Frances Colvin
Frances Colvin

A civilian Nassau County police service aide struck a plea deal with prosecutors to complete 21 hours of community service to settle a charge that she harassed a romantic rival for months.

Frances Colvin accepted an adjournment in contemplation of dismissal Tuesday at First District Court in Hempstead, meaning she doesn’t have to admit guilt and the case will be sealed if she doesn’t get arrested again anytime soon.

“You complete your community service, don’t get in trouble for six months, it’ll be like it didn’t happen,” Judge David Sullivan told Colvin as she signed an order of protection requiring her to stay away from the victim.

“There was no overt act of harassment,” said her attorney, Gerard McCloskey. “I think if we went to trial it would have been dismissed.”

Authorities had arrested the 56-year-old Malverne woman in November when she was accused of using her access to internal police systems to look up the victim’s 2010 arrest for driving while intoxicated after Colvin learned that she and the victim dated the same man.

The man at the center of the love triangle was never identified. Sullivan read the victim’s name in court, but the Press is not identifying her.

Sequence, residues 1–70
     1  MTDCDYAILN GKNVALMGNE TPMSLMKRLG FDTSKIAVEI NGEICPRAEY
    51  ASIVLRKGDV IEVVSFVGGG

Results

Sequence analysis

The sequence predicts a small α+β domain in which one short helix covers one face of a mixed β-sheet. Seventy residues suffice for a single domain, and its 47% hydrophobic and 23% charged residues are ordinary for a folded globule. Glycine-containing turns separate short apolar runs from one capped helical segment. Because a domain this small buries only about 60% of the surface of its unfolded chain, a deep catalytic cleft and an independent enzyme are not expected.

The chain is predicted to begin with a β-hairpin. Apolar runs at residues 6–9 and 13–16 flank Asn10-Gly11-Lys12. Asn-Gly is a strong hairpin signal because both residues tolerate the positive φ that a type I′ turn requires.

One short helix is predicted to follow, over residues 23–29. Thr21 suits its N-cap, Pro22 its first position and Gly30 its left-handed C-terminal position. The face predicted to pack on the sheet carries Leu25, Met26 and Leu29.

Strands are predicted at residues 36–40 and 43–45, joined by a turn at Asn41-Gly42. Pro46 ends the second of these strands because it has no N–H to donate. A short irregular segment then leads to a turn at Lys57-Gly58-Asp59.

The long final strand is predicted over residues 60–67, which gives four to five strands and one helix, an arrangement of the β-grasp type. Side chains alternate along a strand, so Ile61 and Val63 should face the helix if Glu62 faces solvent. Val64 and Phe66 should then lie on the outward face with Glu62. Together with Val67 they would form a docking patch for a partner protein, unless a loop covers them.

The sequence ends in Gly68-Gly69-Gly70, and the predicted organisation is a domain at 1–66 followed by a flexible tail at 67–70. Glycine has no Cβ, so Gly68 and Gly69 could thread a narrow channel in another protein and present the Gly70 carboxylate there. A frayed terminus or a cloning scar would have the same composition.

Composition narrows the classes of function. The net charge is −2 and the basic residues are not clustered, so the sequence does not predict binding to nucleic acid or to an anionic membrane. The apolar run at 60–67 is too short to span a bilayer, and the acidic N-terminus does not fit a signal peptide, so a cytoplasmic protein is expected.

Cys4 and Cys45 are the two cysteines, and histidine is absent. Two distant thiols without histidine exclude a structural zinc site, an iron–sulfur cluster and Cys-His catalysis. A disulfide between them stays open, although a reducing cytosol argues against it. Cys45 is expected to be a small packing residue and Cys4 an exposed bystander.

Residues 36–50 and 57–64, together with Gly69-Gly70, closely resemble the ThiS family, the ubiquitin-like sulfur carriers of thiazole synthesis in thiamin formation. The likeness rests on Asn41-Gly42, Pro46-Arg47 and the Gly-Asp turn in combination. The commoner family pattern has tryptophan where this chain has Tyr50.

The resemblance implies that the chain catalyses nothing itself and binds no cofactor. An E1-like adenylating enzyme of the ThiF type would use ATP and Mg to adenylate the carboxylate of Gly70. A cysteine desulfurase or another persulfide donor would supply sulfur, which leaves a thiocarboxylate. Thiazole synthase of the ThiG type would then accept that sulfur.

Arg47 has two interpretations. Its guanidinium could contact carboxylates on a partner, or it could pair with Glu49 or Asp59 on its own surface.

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“Call the police. I am the police,” Colvin allegedly told the victim when Colvin confronted her and their apparent co-boyfriend in March 2011, the victim wrote in her statement to police.

The victim told investigators that shortly after the initial confrontation, her employer drug tested her and wouldn’t say if it was because of a phone call, but the tester “gave me a look indicating yes,” the documents read.

During another confrontation months later, Colvin allegedly told the victim that Colvin and the victim’s boyfriend were still dating, according to the documents. Then, in December 2011, Colvin allegedly contacted the victim’s ex-boyfriend and told him about the victim’s legal troubles.

“I am worried about her coming to my home or damaging my car,” the victim states in her deposition. “I am installing a security camera because of her. I am also concerned about Frances calling my job and getting me in trouble.”

Police had suspended Colvin, who earned $46,296 this year, from her desk job helping Fourth Precinct officers with paperwork, a source familiar with the case told the Press. McCloskey said she’s still working for the department, but was demoted.

Inspector Kenneth Lack, the the top Nassau police spokesman declined to comment on the case because the “item is still  with our Internal Affairs Unit.”


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Timothy Bolger is the Managing Editor for the Long Island Press who’s been working to uncover unreported stories since shortly after it launched in 2003. When he’s not editing, getting hassled by The Man or fielding cold calls to the newsroom, he covers crime, general interest and political news in addition to reporting longer, sometimes investigative features. He won’t be happy until everyone is as pissed off as he is about how screwed up Lawn Guyland is.